Standards body warned against harassment of farmers

Aug 16, 2023

This was raised during a panel discussion on accelerating the implementation of the African coffee standards under the African Continental Free Trade Area (AfCTA) at Speke Resort Munyonyo last Thursday.

A man spreads coffee parchment on a tarpaulin to dry in Buluganya sub-county, Bulambuli district.

Prossy Nandudu
Journalist @New Vision

Standards bodies have been cautioned against harassment of farmers when enforcing standards. The caution was made by Dr Hermogene Nsengimana, the secretary general of the African Organisation for Standards (ARSO).

They are accused of closing and demanding for payments whenever they come across a processing mill or coffee roaster that does not meet the set standards.

The practice has locked out mainly small-scale farmers and enterprises that are trying to add value to various commodities, including coffee.

This was raised during a panel discussion on accelerating the implementation of the African coffee standards under the African Continental Free Trade Area (AfCTA) at Speke Resort Munyonyo last Thursday.

The panel was part of the just concluded G-25 African Coffee summit that kicked off on August 7 and is expected to end on 10, under the theme Transforming the African Coffee Sector Through Value Addition.

“Regulators work like Police, when we find a roasting machine or mill that does not meet our standards, we just close it,” Nsengimana said.

He explained that the best way to enforce standards is by showing people the right standards coupled with information on the right procedures, right machinery including steps of acquiring the recommended machinery.

There is need to ensure that smallholder farmers, who form the biggest part of the coffee growing population, produce the coffee while taking into account the new regulations, for example from the European Union, which is the Environmental, social and governance (ESG) regulation.

Nsegimana added that the regulation that assesses an organisation’s business practices and performance on various sustainability standards will soon be a requirement by the European Union when accessing products from African countries.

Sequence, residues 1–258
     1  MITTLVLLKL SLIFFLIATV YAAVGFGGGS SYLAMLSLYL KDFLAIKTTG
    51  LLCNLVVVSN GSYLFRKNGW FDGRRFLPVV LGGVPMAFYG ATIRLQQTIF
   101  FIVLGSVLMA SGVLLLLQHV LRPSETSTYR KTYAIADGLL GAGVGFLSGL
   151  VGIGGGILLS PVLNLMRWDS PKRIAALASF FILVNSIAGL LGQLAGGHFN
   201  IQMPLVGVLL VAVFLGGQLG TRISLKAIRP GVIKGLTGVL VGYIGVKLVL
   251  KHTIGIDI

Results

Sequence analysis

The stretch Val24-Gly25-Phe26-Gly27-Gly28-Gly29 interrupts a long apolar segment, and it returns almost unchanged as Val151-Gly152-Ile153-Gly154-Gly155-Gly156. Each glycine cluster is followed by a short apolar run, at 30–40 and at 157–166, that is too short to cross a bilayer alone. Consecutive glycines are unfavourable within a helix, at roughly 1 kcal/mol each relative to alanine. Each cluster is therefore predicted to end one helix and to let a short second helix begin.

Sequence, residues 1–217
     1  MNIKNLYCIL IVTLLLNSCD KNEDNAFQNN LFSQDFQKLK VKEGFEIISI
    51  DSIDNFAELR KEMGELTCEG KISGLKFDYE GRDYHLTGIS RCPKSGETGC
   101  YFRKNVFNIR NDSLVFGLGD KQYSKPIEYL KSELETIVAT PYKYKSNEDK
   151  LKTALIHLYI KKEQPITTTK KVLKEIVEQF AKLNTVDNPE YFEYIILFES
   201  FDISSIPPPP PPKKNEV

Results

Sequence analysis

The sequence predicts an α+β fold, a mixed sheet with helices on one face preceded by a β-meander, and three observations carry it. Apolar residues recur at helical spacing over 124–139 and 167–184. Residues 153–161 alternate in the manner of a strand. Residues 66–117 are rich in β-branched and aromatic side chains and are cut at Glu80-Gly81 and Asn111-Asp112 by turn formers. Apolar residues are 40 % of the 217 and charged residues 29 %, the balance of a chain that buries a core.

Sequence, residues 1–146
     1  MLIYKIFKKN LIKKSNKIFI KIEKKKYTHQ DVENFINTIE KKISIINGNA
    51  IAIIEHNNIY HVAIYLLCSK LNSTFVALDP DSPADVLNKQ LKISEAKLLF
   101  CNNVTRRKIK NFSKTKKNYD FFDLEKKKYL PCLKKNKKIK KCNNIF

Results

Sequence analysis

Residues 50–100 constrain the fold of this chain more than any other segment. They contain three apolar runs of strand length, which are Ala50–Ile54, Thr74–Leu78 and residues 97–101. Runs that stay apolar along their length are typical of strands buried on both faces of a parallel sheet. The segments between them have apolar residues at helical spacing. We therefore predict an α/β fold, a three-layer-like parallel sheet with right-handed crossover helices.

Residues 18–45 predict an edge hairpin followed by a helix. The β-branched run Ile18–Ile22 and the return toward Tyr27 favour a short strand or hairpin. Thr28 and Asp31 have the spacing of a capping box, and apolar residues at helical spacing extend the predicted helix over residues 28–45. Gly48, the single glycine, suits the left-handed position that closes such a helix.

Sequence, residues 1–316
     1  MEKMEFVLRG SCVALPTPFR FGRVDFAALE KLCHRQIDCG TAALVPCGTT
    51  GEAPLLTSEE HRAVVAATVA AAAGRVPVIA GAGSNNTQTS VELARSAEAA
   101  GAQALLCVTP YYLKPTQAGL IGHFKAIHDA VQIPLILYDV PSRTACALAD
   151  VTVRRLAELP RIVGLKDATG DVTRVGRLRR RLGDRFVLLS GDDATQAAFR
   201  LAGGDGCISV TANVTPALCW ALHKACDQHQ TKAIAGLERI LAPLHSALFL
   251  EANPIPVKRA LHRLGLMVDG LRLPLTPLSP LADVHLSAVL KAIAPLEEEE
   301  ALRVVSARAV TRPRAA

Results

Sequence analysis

He, however, added that at continental level, a standard is being developed that is in line with sustainability, taking into account views from the farming communities and private sector, among other stakeholders to guide the certification team.

Address language barrier

However, for all standards to work, developers must simplify the scientific terms, but also translate them in a language best understood by the target audience.

“The science may not be understood by the users. If you take a standard that is complicated to the user, they will not use it,” Nsegimana said.

For the continent to implement or even develop a continental coffee standard, Andrew Othieno, the manager Standards at the Uganda National Bureau of Standards, called for collaboration among the coffee growing countries to develop coffee standards.

He said at African level, there are about seven standards that have been finalised and a few relate to products from value-added products, such as instant coffee, liquid coffee and flavoured coffee.

“Going forward, collaborations will be key in developing a continental coffee standard, which will be backed up with the establishment of regional coffee authorities to work on a common position,” Othieno said.

Rashida Nakabuga, the Rainforest Alliance country director in Uganda, called for the consideration of women, youth and human rights issues, such as child labour, when developing the new standard for coffee at regional level.

Cecilia Katina from Kenya requested for information on how the new standard on coffee will work with the African Standards Organisation and the International Organisation for Standards (ISO).

Barigye Charles from Mitooma Coffee Co-operative, advised standards bodies against creating a uniform standard for all African countries, arguing that each region has different factors that influence the quality of coffee produced.

“My appeal is this coffee standard should not be uniform because we are having environment changes that will affect coffee grown in Uganda making it different from coffee grown in another part of Africa. So, using one standard as a quality parameter may not work,” Barigye said.

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